On the subject of family sizes in Haiti, for one thing, birth control is likely very inaccessible.  (If Mr. Shirley would then urge Haitians simply to not have sex, he would be severely overestimating the will power of all but a special class of human beings.)  Secondly, it may actually be in the economic self interest of Haitians to have large families (to say nothing of emotional self interests.)  Two thirds of Haitians support themselves by subsistence agriculture.  On a farm, more children equals free labor, so it may be rational for individual families to continue have larger families, despite their poverty.

Logically I can’t dispute whether or not better off people have a ‘requirement’ do help those much worse off.  Morally I disagree.  I believe those with way more money than they need to make them happy (the western world) has a strong moral imperative to better the conditions of those worse off.

How would you want the world to be if you were randomly placed in it?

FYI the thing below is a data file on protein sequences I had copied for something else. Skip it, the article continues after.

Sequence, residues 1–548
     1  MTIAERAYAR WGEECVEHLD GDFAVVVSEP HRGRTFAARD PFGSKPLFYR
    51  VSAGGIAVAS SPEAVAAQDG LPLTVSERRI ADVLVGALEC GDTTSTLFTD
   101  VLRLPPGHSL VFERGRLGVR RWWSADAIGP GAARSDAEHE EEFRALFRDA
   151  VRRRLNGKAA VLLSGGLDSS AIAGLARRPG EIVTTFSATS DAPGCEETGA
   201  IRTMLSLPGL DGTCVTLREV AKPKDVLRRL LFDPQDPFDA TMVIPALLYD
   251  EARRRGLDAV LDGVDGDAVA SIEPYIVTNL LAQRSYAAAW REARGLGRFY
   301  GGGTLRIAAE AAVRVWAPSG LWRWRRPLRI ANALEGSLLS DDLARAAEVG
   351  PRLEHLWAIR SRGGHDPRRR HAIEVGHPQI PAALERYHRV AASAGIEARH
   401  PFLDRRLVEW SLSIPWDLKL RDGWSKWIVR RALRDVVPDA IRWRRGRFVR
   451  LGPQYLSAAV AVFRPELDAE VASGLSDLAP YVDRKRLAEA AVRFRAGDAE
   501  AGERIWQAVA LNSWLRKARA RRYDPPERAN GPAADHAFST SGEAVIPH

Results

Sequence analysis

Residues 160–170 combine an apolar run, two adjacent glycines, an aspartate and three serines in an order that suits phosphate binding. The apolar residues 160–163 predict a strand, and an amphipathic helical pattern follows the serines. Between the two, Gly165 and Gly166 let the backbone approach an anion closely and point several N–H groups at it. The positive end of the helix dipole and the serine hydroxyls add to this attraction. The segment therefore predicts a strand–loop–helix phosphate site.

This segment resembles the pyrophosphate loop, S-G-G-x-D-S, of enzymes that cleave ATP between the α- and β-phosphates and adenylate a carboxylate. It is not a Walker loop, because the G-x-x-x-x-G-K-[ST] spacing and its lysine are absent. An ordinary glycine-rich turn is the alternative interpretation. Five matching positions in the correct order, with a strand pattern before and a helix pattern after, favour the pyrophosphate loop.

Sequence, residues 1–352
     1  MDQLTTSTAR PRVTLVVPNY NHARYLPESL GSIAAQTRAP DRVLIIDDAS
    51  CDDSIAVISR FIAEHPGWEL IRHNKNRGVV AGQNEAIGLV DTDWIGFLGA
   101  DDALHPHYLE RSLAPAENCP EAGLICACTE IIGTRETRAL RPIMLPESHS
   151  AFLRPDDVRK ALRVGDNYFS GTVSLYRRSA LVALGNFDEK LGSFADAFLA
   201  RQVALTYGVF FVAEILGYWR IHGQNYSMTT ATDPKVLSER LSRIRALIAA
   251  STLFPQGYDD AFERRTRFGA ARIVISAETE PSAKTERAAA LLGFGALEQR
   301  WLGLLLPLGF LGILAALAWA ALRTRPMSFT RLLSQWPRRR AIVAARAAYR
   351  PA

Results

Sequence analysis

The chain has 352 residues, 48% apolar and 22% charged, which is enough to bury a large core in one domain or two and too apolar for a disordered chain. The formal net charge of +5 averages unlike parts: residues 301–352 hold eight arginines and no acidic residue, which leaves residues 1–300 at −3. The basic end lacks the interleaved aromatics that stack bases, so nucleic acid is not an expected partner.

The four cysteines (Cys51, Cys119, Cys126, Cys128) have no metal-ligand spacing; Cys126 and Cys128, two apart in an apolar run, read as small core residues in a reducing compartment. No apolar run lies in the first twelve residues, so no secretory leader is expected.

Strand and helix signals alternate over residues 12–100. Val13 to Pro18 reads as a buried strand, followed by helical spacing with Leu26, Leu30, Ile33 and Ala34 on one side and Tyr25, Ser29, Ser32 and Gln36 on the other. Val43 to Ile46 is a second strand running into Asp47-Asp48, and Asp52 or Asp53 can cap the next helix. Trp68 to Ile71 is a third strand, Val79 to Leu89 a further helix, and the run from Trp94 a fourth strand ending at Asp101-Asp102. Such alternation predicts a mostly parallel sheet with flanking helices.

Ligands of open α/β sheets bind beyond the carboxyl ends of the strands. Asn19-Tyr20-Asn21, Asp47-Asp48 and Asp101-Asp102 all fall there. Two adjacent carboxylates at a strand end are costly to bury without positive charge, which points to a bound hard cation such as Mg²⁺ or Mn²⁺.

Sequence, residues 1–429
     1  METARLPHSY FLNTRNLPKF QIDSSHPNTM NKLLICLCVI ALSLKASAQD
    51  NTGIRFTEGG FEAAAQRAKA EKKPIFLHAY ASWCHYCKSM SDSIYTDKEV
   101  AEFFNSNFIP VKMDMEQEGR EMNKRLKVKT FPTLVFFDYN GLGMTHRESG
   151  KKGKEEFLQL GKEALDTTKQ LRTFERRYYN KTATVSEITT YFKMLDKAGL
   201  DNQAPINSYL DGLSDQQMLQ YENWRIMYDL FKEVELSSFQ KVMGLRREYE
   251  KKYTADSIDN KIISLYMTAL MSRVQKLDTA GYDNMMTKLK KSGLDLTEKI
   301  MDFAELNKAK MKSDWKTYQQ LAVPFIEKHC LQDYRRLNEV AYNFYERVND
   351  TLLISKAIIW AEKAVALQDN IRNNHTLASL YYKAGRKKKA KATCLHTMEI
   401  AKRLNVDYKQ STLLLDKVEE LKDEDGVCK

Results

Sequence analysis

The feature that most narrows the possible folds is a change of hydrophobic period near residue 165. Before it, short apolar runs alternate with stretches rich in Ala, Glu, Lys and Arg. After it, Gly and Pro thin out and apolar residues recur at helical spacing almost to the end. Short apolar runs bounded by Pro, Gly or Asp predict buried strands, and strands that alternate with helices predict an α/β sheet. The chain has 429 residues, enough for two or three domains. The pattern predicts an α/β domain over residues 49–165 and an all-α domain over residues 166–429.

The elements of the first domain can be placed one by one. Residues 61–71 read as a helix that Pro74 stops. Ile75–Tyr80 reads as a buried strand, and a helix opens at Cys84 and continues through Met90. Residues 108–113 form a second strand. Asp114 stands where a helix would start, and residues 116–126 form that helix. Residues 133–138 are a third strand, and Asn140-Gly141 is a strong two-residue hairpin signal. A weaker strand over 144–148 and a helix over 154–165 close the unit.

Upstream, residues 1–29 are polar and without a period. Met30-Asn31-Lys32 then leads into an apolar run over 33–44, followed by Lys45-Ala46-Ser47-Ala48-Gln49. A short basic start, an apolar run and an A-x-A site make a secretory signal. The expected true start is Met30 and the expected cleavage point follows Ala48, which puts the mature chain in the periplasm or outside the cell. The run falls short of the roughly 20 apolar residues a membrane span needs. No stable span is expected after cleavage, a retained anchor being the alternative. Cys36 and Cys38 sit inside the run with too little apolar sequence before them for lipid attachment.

There is a very simple thought experiment that I find helpful in defending the ideal that those with a lot should help those with a little.  Imagine that you were given a chance before birth to allocate all the resources in the world to various countries, regions, and peoples of the world.  You can do this however you want.  The catch is that afterwards, you will be randomly placed into that world population of about 6.5 billion.  Given income distribution in our world (as of the year 2000), you would have a 45% chance of living off less than $3/day (including a 23% chance of living off less than $2/day, the level that Haiti is at.)  2 out of 3 times you would be living off less than $14/day.  You would only have a 13% (1 in 8 ) chance of being relatively affluent & making at least $11,500 per year (1997 data), which is well below the poverty line for a family in the United States.  (The US median income per family is about $55,000 per year, making us extremely wealthy by worldwide standards.)